Active once more after moving north. At Pauanui 2000.
ZK-ARP at Kaipara Flats field 2001
ZK-ARP posing for the camera at Ardmore September 2008
Post by Peter Lewis on Sept 10, 2014 22:34:45 GMT 12
Additional information now available on ZK-ARP thanks to Stan Smith:
This week I was able to visit North Shore airfield, see Proctor ZK-ARP in its hangar, and peruse the aircraft log books.
The aircraft took its first ever flight, as G-AIEO, on 4Oct1956 at Luton. This flight lasted 30 minutes, and allowed the aircraft to be signed off as airworthy by A P Hunt on 11Oct1946.
As the Percival works were becoming fully occupied with Prince and Prentice production, the last few unsold Proctor 5s were moved as a batch lot to aircraft dealers R K Dundas Ltd., G-AIEO being one of these.
The next flight for G-AIEO was not until 3Jun1948, when it flew another 20 minutes for the renewal of its CofA. Thus with only 50 minutes air time, it was then packed for shipment to New Zealand.
The Proctor was assembled at Rongotai, and as ZK-ARP DHNZ staff pilot Lance Gatehouse carried out a 30 minute test flight there on 2Sep1948, results noted as satisfactory. Further flights, totalling 3hrs, were made at Rongotai the same day.
The aircraft was then delivered to its new owners at Masterton on 3rd September. Over the following months the log book records flights to Wanganui, Palmerston North, Christchurch, Waipukerau, Paraparaumu and New Plymouth.
The first incident of note took place on 4Dec1948 at Wanganui. While taxiing, strong winds lifted the tail and the nose of the aircraft came in contact with the ground. ‘Airframe inspected at Wanganui and found serviceable’ – no mention of any damage to the propeller!
By 31Dec1949 ZK-ARP had flown 309 hours. The first logbook ends on 27Oct1953 with the aircraft having flown 1419hrs.
ZK-ARP continued to be used regularly until 7Apr1957, when it was flown to Harewood. The next entry shows a 20 minute test flight on 25Jul1957 after several instruments had been removed, calibrated and replaced by Airwork (NZ) Ltd., the work signed out by Charles Savage. Later the same day ZK-ARP was flown Harewood to Nelson in 1hr 10mins.
The Proctor was then apparently stored at Nelson from that date, as the Nelson Aero Club’s engineer Ivan East noted in the logbook “Aircraft removed from storage at Nelson and given 50 hr inspection as per Maker’s handbook” on 13May1959. On the same day a 30 minute test flight was carried out at Nelson and ZK-ARP was then flown to Paraparaumu in 40 minutes.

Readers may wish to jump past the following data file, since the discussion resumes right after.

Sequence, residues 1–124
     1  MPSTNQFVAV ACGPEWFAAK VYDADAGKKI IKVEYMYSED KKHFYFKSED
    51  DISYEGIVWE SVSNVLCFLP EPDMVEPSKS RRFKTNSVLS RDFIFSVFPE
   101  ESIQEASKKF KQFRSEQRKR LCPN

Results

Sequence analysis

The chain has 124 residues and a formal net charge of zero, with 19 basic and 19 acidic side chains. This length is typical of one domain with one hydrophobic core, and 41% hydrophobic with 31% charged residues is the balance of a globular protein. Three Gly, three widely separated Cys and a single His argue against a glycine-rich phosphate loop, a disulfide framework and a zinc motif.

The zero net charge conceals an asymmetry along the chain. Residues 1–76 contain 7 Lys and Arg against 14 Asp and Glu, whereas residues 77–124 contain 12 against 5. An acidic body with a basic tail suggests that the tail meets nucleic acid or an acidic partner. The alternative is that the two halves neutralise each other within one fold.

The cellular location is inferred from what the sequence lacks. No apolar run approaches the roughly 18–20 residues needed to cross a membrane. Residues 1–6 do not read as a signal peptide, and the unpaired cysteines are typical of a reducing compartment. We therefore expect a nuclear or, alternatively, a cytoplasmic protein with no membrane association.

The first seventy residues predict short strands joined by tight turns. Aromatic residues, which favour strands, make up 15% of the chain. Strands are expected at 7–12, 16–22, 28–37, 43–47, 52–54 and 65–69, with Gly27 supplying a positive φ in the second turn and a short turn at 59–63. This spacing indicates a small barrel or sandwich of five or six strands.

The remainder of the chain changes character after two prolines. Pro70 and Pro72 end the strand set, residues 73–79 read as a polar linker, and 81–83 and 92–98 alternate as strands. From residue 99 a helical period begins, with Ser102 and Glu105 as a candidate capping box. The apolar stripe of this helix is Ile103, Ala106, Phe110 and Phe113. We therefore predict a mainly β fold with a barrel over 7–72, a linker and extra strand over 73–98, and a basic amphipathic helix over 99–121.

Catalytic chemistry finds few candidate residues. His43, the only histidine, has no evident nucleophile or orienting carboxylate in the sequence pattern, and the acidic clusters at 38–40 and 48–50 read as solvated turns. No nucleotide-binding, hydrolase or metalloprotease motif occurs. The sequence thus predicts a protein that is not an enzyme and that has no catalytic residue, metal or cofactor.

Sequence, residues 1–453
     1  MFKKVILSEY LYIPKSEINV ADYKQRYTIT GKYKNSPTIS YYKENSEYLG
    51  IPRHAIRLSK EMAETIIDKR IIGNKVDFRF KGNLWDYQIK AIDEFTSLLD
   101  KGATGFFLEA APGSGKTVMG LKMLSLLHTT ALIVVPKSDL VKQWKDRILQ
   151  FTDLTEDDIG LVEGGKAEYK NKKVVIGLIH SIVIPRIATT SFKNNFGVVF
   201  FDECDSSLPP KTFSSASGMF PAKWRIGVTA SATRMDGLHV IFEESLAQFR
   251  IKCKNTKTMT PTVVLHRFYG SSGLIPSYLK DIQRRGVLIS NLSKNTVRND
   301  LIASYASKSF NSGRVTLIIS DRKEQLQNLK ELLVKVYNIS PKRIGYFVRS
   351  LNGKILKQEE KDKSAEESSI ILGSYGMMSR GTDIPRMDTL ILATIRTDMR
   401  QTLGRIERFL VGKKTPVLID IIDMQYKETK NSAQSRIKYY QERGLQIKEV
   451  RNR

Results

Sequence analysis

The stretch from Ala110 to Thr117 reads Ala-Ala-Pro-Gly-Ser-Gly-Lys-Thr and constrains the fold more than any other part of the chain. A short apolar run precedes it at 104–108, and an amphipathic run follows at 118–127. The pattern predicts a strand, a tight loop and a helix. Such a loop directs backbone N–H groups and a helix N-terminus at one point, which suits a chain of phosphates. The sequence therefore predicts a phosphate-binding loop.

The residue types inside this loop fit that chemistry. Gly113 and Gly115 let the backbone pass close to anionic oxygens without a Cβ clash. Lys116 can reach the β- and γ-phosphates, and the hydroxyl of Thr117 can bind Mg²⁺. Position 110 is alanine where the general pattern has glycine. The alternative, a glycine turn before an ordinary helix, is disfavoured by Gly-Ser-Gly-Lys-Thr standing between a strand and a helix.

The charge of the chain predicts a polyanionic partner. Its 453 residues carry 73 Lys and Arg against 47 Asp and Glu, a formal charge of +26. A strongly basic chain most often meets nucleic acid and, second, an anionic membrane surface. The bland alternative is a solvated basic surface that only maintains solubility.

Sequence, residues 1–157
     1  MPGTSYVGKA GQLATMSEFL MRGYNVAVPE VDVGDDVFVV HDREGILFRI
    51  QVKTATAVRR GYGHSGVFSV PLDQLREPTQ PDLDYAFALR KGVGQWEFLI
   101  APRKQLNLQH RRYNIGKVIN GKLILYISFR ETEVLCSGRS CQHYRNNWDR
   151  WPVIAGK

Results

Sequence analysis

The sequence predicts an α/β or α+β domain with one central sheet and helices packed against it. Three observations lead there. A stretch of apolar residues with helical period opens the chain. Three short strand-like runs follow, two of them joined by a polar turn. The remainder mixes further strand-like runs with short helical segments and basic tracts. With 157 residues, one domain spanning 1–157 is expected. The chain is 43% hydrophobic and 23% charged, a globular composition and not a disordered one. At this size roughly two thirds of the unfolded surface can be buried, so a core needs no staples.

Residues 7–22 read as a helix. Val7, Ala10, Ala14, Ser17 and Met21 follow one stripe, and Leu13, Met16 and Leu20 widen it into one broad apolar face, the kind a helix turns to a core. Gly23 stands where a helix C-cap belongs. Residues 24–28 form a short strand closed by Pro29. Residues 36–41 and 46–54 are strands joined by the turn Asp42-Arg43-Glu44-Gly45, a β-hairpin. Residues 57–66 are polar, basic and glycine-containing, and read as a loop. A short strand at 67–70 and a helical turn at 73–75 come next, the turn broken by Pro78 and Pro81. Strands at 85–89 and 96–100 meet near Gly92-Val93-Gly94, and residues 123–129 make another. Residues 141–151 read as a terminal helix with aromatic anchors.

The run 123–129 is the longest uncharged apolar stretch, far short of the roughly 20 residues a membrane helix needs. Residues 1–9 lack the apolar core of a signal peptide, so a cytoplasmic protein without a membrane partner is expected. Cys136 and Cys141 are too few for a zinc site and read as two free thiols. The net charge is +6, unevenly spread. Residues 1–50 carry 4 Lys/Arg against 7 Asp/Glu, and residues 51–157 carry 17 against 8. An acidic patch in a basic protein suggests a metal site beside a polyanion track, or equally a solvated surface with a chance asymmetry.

Following sale to Frank Brittain, ZK-ARP next flew Paraparaumu-Palmerston North in 30 minutes on 27May1959. No further flights are then logged until 19May1964 when a 40 minute test flight at Palmerston North was carried out following Frank’s first rebuild.
The Proctor was then flown reasonably regularly over the next few years on local and cross-country flights with no apparent mishaps until a final 45 minute flight on 17Sep1968, which gave a total of 54hrs 25 mins since that completion of that rebuild.
Back into the workshop again, the next entry is a local 1hr 25 min test flight at Palmerston North on 13Dec1977. Frank obviously enjoyed having ‘Gertie’ back in the air again, and over the summer of January 1978 he took ZK-ARP on a trip from Palmerston North to Taupo, Matamata, Nelson and Paraparaumu staying some days in each place. Over the following few years the Proctor averaged 15 to 20 flying hours per year until Frank’s last flight in the Proctor, Fielding – Waipukerau – Dannevirke – Fielding – Palmerston North, 1hr 55min on 16Feb1986.
Following the sale of the Proctor from the Brittain estate, ground runs were carried out at Milson on 23May1997. A ferry permit was approved by CAA and following 45 minutes of circuits on 22Jun1997 ZK-ARP was flown to North Shore airfield in 2hrs 25 mins later that day.
The Proctor is currently housed, wings folded, in a hangar at North Shore alongside a seldom-flown Wilga. Apparently ZK-ARP last flew about two years ago, and needs fabric replacement before it can fly again.
Intial logbook signoff as airworthy for G-AIEO, 11Oct1946
After the first 30 minute test flight at Rongotai, the Proctor was kept busy over the next few weeks
Logbook certificate for ZK-ARP
Ivan East's release note as ZK-ARP comes out of storage in Nelson
ZK-ARP in the hangar at North Shore airfield 8Sep2014
The Gull logo on the fin is quite non-original
1940s control deck
Looking down the back, inside ZK-ARP.
The noise-maker, Gipsy Queen 210hp
Last Edit: Sept 11, 2014 17:40:29 GMT 12 by Peter Lewis
Retirement is something for the young. Once you are old you never seem to have the time.
Post by Peter Lewis on Sept 13, 2014 16:15:17 GMT 12
Proctor c/n H.32 was built by F Hills and Sons as a Mk.II and was converted to Mk.III standard while still in military service as BV538. Sold postwar it became G-AJTS with Southern Aircraft (Gatwick) Ltd. on 21May1947. Charlton Higgs of Reading took over ownership of the aircraft on 15Feb1949.
Meanwhile, in New Zealand, Herbert Lightband had gained his wings with the New Plymouth Aero Club in the late 1930s and his son, Phil Lightband, caught the flying bug. After his first solo flight at the age of 14, Phil obtained his PPL the next year. Service in the RNZAF flying the P-40 and Corsair followed, and Phil rejoined the New Plymouth aero club after the war was over but found the restrictions of civilian flying irksome. Grounded for a year by aero club ruling after an unauthorized escapade in a Tiger Moth he and a friend, Peter Hobart, decided to travel by sea to the UK, buy a light aircraft there and then fly that aircraft back to New Zealand to sell at a profit.